There may be a ton of health benefits related to drinking tea, but new research suggests sipping on hot, fruity brews may be might be doing you some harm, too. If you've swapped sugar-laden juices for healthy teas and fruit-infused water, you're probably wondering what gives?
According to research from King's College London Dental Institute, the problem lies in how erosive fruit acids can be on tooth enamel. A study of 300 people with severe tooth erosion found that common healthy habits such as adding a slice of lemon to a cup of tea or a glass of water twice a day can make you around 11 times likely to suffer some form of tooth erosion.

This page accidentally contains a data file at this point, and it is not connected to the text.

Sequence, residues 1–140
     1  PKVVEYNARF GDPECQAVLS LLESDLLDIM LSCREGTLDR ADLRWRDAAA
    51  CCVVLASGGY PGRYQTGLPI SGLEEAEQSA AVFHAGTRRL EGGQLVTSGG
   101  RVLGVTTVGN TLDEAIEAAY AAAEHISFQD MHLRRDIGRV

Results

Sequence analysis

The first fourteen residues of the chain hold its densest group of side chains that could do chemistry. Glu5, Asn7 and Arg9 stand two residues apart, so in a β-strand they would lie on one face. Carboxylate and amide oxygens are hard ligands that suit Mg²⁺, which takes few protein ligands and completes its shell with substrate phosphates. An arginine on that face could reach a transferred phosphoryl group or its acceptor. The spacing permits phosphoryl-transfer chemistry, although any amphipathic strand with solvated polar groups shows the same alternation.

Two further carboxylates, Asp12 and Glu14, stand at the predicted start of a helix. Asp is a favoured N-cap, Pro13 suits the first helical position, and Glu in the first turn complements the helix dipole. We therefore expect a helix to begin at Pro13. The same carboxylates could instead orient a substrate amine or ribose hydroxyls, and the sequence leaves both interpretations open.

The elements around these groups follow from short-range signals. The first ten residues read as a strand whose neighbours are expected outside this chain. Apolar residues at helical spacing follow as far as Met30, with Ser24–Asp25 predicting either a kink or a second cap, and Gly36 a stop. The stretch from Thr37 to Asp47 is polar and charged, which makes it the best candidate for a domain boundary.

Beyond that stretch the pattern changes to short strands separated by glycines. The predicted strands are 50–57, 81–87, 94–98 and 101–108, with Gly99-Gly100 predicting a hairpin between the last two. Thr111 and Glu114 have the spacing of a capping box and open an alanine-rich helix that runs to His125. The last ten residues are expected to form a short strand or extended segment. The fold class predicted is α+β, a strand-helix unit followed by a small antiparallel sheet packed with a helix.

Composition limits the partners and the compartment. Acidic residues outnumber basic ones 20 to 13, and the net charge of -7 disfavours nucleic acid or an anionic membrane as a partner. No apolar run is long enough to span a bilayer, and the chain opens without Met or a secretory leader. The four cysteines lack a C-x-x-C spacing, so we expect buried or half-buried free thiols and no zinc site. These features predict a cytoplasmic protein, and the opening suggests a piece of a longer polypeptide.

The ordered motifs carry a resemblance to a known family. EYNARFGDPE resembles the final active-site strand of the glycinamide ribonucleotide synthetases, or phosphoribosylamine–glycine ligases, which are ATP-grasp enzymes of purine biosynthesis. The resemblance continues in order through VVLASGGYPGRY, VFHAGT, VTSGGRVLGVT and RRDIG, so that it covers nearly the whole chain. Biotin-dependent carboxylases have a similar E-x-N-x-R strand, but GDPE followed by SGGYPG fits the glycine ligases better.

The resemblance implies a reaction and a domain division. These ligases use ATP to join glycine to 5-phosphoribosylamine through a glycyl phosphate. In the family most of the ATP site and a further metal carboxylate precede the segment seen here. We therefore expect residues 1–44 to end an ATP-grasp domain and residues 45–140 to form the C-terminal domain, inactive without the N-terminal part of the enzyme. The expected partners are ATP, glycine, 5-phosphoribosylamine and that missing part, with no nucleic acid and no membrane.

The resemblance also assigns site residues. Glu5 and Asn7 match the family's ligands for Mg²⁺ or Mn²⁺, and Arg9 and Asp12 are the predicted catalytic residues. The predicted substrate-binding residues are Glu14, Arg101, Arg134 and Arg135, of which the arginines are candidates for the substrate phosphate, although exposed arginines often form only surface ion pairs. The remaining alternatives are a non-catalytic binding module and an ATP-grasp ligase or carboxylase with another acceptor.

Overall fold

It doesn't stop there though, because if you're a snacker who tends to nibble on fruit and savour beverages that contain fruity acids for long periods of time outside mealtimes, you're also increasing the damage to your teeth. However, keeping your enjoyment of these things to mealtimes is said to lessen he risk because other foods can help to neutralise the acidic side effects. Another ingenious way to save your teeth from erosion is by drinking your fruity brews through straws and rinsing your mouth out after consuming things containing fruity acids.